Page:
All about Precious MetalsPosted on November 2, 2015
A precious metal is a rare, naturally occurring metallic chemical element of high economic value. Chemically, the precious metals tend to be less reactive than most elements. They are usually ductile and have a high lustre. Historically, precious metals were important as currency but are now regarded mainly as investment and industrial commodities.
The best-known precious metals are the coinage metals, gold and silver. Although both have industrial uses, they are better known for their uses in art, jewellery, and coinage. Other precious metals include the platinum group metals: ruthenium, rhodium, palladium, osmium, iridium, and platinum, of which platinum is the most widely traded. The demand for precious metals is driven not only by their practical use but also by their role as investments and a store of value. Historically, precious metals have commanded much higher prices than common industrial metals.
Precious metals all have high densities (specific gravities ranging from silver at 10.5 to iridium at 22.6), relatively good corrosion resistance, good electrical conductivity, and relatively high value. Despite the latter factor, they are often economically acceptable because of their properties and performance in service. Scrap values are high and recycling is common.
Precious metals have a higher melting point than normal metals, which means that they require large amounts of heat and electricity to be melted and then reshaped. Gold, Silver and Platinum have a very shiny appearance (lustre), which is why they are used for ornamental art and jewellery. Their ductile quality means they can be shaped into any form without being broken.
Fineness is used to designate the purity of gold and silver in parts per thousand by weight; hence, 995 fine gold is 99.5% gold, and 925 fine silver (sterling silver) is 92.5% silver. Jewellery is specified in karats, where 1 karat is 1/24th part of gold; hence, for example, 18 karat gold is 75% gold.
Characteristics of precious metals:
- A higher melting point than other metals
- Softer in texture – which is also referred to as being ductile
- More lustrous in appearance
- Less reactive than other elements
This precious metal is valued for its malleability, sheen and ability to conduct electricity. Common uses for gold include, coins, jewellery, art, ingots, scientific and electronic instruments and as an electrolyte in the electro-plating industry. Approximately half of the world’s supply of this resource is located in South Africa. Large stores also exist in the United States, Australia, Brazil, Canada,
The purity of gold is measured in Karats. A Karat was originally a unit of mass (weight) based on the Carob seed or bean which was used by ancient merchants in the Middle East.
Karat applies to gold (as a measure of fineness), and carat applies to precious stones (as a unit of weight, equaling 200 milligrams). For gold it is used to measure the purity where pure gold is 24 karats. The following table shows the range from pure gold at 24 Karats to less pure at 9 Karats.
Its chemical symbol is Ag, its atomic number is 47 and it has an atomic mass of 107.9. Silver was one of the first metals utilized by man. It has the highest thermal and electrical conductivity of all metals. The metal’s physical appearance is white, reflective, and very malleable. Common uses for this metal are coins, ornamental, jewellery, mirrors and electrically conductive paint.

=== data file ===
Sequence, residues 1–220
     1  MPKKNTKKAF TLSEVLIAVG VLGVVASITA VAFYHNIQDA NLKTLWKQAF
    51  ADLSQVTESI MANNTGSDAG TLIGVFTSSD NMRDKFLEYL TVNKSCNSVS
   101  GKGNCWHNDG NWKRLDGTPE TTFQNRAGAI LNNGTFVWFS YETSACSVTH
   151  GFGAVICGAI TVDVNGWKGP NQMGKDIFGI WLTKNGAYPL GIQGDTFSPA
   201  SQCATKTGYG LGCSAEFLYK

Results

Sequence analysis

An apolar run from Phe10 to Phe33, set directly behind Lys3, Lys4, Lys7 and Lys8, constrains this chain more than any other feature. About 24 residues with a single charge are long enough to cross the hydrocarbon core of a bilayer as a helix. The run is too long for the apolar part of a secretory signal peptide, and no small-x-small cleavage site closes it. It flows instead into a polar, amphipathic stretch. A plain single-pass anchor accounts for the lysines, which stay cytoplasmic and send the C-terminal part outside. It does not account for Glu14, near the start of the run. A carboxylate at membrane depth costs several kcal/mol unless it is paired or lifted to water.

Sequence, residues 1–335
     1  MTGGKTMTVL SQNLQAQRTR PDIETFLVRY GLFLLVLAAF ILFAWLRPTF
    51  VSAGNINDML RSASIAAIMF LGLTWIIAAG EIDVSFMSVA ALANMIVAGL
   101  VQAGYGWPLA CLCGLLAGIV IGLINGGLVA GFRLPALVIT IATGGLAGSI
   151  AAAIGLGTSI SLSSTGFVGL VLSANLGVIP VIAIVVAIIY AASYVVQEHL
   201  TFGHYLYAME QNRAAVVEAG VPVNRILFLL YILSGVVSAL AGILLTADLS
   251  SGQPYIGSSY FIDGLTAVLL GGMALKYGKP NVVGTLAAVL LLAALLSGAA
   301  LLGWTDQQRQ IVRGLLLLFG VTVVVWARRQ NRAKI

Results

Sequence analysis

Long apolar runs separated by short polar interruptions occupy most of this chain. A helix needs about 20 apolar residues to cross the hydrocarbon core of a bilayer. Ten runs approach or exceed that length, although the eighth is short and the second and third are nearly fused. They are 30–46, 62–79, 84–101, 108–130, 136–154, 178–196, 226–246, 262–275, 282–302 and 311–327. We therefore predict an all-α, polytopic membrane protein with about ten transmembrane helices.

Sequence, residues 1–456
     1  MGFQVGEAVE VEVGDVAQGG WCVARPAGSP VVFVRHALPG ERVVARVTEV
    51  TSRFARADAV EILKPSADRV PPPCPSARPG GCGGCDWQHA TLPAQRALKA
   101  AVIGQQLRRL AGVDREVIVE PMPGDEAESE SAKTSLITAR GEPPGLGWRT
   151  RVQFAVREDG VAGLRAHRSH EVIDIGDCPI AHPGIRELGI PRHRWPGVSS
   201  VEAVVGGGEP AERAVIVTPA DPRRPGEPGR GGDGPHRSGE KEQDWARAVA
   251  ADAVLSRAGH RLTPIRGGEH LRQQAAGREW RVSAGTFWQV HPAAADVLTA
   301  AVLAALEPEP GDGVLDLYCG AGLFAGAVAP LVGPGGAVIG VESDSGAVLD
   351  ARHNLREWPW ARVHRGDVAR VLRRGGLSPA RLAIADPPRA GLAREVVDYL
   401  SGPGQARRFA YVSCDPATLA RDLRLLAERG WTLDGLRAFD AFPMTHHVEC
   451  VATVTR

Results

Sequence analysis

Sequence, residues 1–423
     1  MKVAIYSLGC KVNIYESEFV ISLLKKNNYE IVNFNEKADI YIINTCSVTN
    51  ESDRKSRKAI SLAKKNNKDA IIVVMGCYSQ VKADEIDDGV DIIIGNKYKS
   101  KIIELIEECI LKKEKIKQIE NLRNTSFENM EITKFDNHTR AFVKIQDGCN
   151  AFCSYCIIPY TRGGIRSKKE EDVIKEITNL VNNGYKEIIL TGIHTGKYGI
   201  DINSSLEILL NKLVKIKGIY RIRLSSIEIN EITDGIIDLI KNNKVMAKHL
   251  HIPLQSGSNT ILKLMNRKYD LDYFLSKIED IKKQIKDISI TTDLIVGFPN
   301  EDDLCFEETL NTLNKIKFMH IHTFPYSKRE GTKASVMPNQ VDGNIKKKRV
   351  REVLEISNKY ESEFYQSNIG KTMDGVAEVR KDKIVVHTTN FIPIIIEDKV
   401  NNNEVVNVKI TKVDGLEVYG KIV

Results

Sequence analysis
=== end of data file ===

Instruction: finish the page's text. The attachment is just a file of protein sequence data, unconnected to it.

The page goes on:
Silver-clad base metals (copper, brass, nickel, iron) are also used, in particular in the electrical and chemical industries.
Unlike some other precious metals, silver will tarnish when exposed to contaminants such as ozone. Silver has been used by humans since prehistoric times, and the first evidence of a culture separating it from lead dates back to 3000 B.C. Important producers of the world’s silver supply include Nevada, Mexico, Peru, Chile and Canada.
Platinum is known for being one of the rarest and also the heaviest of the precious metal elements. The chemical symbol for platinum is Pt. It has an atomic mass of 195.1 and its atomic number is 78. Its appearance is silver-white to gray.
It is predominantly used as a catalyst for the control of automobile and industrial plant emissions. It is also used a catalyst for making acids, organic compounds and pharmaceuticals. This metal is also used in dental alloys, in capacitors, as conductive or resistive films for electronic circuits, as well as in jewellery.
The majority of the world’s platinum reserves exist in either South Africa or Russia.
A metal is deemed to be precious if it is rare. The discovery of new sources of ore or improvements in mining or refining processes may cause the value of a precious metal to diminish. The status of a “precious” metal can also be determined by its high demand. Precious metals in bulk form are known as bullion and are traded on commodity markets. Bullion metals may be cast into ingots or minted into coins. The defining attribute of bullion is that it is valued by its mass and purity.This entry was posted in News and Information. Bookmark the permalink. ← Recycling Circuit Boards History Of The Printed Circuit Board →